It's been a few months since John Tamburro, at the insistence of his wife Karen, made a trip to the emergency department at Rhode Island Hospital.
Aside from the day he was born, he said he'd never been in the hospital.
What led to the visit were symptoms that started suddenly on Aug. 14 as he was waking up.
"The focus on my digital clock was out of whack. I couldn't see it," Tamburro said.
He said he went downstairs and tried to read the newspaper. Nothing made sense.
"I thought it was my eyes and so I finally went upstairs told my wife I need to make an eye doctor appointment and she said, 'No, you're having a stroke,'" Tamburro said.
"He went to the emergency department with vision changes that had completely resolved upon his arrival," said Gino Paolucci, nurse practioner at Rhode Island Hospital. "However we were astute enough to admit him to the TIA unit recognizing that there was a potential this was a stroke with resolved symptoms."
Paolucci said a TIA is a transient ischemic attack.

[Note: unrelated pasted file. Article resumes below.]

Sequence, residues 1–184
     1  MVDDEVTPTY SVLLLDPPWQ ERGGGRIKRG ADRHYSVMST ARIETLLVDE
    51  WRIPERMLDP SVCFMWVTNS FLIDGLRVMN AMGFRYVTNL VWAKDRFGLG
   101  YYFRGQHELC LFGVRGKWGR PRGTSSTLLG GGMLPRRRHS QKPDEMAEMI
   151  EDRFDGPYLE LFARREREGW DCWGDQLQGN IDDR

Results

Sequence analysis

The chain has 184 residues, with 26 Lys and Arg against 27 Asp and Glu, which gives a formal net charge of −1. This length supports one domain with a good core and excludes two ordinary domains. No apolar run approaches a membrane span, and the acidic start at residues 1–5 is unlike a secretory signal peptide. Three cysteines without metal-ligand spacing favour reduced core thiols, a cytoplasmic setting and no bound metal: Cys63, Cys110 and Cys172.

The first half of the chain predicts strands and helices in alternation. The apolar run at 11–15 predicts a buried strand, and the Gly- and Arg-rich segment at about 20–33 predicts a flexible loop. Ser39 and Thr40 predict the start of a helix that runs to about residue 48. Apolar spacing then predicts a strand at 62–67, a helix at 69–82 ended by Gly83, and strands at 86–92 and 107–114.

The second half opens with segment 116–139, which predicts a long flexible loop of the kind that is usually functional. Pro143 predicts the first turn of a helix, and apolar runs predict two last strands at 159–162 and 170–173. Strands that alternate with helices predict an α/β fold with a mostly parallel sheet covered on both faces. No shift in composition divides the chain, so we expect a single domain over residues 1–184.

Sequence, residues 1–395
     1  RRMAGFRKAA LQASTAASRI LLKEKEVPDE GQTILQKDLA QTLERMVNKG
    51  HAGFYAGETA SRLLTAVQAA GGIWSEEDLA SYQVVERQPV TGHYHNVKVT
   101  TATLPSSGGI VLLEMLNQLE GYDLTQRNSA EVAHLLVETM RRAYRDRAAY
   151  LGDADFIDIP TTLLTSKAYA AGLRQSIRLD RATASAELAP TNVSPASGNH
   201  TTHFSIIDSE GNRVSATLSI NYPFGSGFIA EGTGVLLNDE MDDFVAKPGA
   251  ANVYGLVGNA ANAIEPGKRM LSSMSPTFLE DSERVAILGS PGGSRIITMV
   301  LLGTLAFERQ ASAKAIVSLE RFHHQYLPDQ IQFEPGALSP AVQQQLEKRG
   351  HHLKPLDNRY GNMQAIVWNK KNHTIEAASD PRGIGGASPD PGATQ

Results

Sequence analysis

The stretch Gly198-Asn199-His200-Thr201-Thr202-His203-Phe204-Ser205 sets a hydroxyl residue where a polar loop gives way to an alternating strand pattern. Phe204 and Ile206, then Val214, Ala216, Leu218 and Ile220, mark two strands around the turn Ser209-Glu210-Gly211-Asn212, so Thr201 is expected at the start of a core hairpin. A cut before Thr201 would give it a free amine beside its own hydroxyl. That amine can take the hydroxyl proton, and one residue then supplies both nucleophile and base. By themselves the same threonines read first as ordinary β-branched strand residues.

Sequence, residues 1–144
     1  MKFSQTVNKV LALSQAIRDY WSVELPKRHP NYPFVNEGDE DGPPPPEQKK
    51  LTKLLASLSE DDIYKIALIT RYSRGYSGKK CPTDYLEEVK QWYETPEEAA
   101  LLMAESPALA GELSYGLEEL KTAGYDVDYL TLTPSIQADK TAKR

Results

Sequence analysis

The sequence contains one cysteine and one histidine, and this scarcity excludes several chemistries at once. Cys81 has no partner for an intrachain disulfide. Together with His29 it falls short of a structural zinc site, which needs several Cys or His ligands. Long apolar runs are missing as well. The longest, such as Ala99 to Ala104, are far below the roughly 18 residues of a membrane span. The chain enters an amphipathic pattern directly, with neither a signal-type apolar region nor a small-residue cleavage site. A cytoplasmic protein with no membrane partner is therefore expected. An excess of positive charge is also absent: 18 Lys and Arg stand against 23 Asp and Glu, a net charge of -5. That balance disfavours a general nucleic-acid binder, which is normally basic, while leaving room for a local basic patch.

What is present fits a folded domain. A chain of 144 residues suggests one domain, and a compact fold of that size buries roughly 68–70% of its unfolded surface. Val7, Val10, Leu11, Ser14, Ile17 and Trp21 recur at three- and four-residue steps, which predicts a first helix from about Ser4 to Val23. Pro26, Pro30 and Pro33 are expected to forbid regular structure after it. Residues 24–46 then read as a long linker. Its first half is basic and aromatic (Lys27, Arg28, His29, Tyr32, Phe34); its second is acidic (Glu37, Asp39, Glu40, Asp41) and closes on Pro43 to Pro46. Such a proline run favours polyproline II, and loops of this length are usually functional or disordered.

"It's a mimic of a stroke and it portends risk of future stroke," he said.
In March, Rhode Island Hospital set up a TIA unit within its stroke center.
"About 20 percent of the patients that come in with a suspected TIA with resolved symptoms are actually having a silent stroke. And so it's been very important for us to detect those strokes so we can maximize our ability to prevent a recurrence," said Dr. Matthew Siket of Rhode Island Hospital.
It turned out that Tamburro had a silent stroke.
After 24 hours in the TIA unit, Tamburro was sent home with a heart monitor after doctors discovered he had a heart rhythm disorder.
"And so now they have the cause of what may have caused my stroke. And now I'm on medication," he said.
Since the new TIA observation unit first opened, Rhode Island Hospital has seen 120 patients.